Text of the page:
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A Lil' Theory Series: So Help Me God Pt. 1

Every month Melanin Voices will decode an inter-sectionally BLACK philosophy, theory or concept as part of the 'A Lil' Theory Series'. It’s gonna be dope the next time you have a Facebook argument because you’ll have enough ammo to clear an entire thread.


 "For such a high priest became us, who is holy, harmless, undefiled, separate from sinners, and made higher than the heavens. Who needeth not daily, as those high priests, to offer up sacrifice, first for his own sins, and then for the people's; for this he did once, when he offered up himself." (Heb. 7:26-27).

The Black Church has been a staple in the Black community since before the first slew of 'first Baptist' churches hit our great-grandparents' neighborhoods. It houses cotton haired (nappy headed) portraits of Jesus, experts on fish fries and life, and wide, weary smiles, and because the Black Church was founded by black existentialism – the collective experiences and culture of Black people – it's foundation is interwoven with our struggle to navigate American society. The church housed many of the meetings, people and projects that propelled the Civil Rights Movement forward. Hell, it housed the fellowship and optimism necessary to propel many Black folks through the week. But, as I see#BlackLivesMatter come across my newsfeed, timeline, television and favorite T-shirts, I wonder if the elders feel the growing void. During slavery, the Black Church was a comfort. During Reconstruction, the Black Church sustained this comfort and began formally organizing for political gain in the middle the country's reconciliation with the 13th, 14th, and 15th amendments. Dr. Martin Luther King Jr. was a reincarnate of the prolific slave pastors who inspired white and  Black listeners-and the Black church birthed him. Yet with the resurgence of the Black Pride movement, where Black women and men are wearing their Afros, young Black college students are organizing across the country and Black Lives Matter is building infrastructure,  the Black Church's silence more than demonstrates its status as a political relic.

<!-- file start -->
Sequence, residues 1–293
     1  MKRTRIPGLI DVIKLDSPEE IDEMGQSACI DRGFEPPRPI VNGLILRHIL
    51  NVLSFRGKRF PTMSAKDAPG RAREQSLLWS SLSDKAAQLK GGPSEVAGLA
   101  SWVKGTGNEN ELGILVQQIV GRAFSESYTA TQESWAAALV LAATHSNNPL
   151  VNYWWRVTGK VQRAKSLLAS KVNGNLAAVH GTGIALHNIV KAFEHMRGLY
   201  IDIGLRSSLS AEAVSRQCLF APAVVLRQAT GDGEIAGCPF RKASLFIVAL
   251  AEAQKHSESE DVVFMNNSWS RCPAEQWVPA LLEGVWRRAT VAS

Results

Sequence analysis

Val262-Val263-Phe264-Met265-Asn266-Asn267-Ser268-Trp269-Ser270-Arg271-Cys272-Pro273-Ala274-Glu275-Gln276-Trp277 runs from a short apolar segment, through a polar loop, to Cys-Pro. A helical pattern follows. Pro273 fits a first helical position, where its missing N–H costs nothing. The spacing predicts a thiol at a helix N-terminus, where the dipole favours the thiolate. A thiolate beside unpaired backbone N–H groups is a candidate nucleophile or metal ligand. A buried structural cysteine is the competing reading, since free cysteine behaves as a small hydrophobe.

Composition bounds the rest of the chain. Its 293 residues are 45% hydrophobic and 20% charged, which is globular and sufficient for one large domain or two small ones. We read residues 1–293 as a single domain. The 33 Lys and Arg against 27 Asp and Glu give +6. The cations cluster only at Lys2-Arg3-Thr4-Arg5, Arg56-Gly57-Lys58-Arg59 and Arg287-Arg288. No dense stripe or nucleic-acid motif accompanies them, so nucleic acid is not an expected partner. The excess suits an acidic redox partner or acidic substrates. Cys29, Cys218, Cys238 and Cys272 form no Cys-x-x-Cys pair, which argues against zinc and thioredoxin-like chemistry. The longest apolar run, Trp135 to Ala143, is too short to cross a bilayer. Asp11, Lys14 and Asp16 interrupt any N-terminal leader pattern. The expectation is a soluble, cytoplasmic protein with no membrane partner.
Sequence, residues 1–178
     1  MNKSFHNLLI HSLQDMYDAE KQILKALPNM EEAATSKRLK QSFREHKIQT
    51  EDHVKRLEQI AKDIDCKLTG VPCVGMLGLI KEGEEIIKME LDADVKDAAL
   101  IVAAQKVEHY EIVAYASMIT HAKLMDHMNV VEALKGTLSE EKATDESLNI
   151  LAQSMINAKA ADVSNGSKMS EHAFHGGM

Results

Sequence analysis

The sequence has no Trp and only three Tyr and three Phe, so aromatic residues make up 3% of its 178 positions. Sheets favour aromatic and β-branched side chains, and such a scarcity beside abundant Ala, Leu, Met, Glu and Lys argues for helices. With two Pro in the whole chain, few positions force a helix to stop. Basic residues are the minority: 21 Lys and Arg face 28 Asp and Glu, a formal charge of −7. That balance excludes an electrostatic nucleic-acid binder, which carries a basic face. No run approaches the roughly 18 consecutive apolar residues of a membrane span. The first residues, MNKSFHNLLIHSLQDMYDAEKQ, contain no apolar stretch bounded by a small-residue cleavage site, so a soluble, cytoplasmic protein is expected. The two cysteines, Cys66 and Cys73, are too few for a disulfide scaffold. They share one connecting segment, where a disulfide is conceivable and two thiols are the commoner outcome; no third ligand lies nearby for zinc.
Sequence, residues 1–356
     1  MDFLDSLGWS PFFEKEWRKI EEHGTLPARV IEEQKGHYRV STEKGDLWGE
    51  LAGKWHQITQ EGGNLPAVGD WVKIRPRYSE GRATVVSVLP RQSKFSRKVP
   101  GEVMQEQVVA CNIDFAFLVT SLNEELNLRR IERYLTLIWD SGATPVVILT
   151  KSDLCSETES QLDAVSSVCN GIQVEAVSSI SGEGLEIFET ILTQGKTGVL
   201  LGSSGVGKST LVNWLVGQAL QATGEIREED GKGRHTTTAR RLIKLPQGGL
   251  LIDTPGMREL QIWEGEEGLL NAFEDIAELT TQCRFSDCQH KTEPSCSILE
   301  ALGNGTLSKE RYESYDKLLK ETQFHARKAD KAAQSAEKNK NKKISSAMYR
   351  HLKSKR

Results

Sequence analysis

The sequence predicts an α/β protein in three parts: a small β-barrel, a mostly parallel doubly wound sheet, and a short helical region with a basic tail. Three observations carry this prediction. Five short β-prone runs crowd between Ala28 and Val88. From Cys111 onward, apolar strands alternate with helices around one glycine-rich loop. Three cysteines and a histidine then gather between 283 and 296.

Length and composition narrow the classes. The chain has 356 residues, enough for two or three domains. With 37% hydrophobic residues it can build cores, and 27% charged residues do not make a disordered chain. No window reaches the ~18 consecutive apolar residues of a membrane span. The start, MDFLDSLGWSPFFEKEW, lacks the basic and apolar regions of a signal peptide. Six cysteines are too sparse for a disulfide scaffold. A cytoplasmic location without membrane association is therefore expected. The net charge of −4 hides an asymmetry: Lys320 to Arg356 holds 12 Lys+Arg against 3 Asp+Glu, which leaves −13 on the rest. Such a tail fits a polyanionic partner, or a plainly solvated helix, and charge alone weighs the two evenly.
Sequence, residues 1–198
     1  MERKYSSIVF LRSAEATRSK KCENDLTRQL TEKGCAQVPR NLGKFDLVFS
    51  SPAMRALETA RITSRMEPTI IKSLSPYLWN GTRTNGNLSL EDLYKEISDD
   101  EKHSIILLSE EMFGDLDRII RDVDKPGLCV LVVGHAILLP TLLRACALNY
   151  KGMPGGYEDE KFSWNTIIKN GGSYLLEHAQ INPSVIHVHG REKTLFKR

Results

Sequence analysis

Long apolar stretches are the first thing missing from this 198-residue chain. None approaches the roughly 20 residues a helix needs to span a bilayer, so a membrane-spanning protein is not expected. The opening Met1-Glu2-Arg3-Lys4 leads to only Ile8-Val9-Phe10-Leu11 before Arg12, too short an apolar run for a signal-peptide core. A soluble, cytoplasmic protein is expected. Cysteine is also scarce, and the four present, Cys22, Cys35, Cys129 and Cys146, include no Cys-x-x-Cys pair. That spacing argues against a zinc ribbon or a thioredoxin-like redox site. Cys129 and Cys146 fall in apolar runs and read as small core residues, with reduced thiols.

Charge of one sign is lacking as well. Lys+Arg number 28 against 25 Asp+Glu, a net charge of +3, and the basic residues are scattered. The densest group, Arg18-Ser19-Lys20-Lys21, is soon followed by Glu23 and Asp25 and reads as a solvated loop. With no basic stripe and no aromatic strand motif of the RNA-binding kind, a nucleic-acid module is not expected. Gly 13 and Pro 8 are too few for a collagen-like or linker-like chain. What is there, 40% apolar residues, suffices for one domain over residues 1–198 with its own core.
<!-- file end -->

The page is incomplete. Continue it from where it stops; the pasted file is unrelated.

There are plenty of reasons for why the separation happened. But the main problem is that the "Black" part has been carved out. Divisive perspectives on a variety of decisions and lifestyles marginalized some. Counts of greed and theft alienated others while upward mobility encouraged some Black folks to move away from predominantly Black neighborhoods where most Black churches are found. Whatever the case, much of the Black has been removed and that was the part that connected Black folks through the understanding, down to the spirit, of the daily tests Black folks endured. This understanding inspired the urgency members of the Black church moved with to aid each other. Though promising paradise in the future, the Black Church once related Christianity to its struggle and thus understood that it’s people were under attack.